The opening ceremony, dubbed One World, One Dream, is set to begin at the eighth hour of the eighth day of the eighth month of the millenniuum's eighth year.

A colourful floral display of giant sports equipment - basketball, table-tennis bat, soccer ball - provided a vivid contrast to the endless grey asphalt.

In addition to his smattering of English, my tax driver's counting skills were sharply honed, as I discovered when we negotiated a price for the 80km trip from Beijing out to the Badaling section of the Wall.

He chanced his arm with an opening gambit of 900 yuan, sufficient for 30 return trips if I was prepared to take the local bus, but we finally agreed on half that amount. The rand and Chinese currency being almost equal, this was a decent return for a couple of hours' driving.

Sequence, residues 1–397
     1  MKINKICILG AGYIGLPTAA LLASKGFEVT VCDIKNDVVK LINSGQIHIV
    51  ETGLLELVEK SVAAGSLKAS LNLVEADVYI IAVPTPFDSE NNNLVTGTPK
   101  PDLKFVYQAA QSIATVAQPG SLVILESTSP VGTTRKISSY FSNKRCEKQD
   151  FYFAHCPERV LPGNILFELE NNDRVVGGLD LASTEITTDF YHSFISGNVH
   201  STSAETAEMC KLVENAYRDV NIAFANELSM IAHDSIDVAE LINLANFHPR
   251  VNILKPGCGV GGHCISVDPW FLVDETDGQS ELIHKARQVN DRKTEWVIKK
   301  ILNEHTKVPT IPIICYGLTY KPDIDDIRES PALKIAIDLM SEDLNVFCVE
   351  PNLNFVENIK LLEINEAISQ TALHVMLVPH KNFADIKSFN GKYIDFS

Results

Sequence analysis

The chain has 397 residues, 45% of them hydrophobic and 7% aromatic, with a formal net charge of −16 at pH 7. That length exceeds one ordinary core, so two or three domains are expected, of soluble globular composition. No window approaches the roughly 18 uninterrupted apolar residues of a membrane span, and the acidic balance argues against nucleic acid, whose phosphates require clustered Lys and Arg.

I could have done it more cheaply but I was on a tight schedule and also wanted to avoid the sock-and-sandalled loads of coach tourists who descend on the world's greatest tourist attraction like soccer journalists at a free Safa lunch.

So I was up at dawn and on the road by seven, giving me a 40-minute lead over the chasing mob, and listening to a slow, robotic American drawl that seemed to be aimed at a slightly backward 4-year-old: "Get in Please,"; "Don't worry about being late,"; "How far is it?" "Special price for Chairman Mao cigarette lighter" etc, etc.

My merry driver dutifully repeated the phrases, bursting into a manic chuckle before inviting me to crit his pronunciation.

We arrived at the Wall quarter of an hour before the cable car opened.